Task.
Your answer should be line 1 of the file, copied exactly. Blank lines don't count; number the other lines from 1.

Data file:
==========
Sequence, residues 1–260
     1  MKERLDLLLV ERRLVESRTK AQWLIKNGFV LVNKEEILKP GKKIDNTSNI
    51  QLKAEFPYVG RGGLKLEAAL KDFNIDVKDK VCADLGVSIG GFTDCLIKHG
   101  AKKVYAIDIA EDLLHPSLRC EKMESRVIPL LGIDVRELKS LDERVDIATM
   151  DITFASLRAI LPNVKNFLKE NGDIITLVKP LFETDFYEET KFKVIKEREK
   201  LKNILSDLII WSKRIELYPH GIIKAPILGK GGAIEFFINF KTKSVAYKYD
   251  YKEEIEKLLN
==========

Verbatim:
Sequence, residues 1–260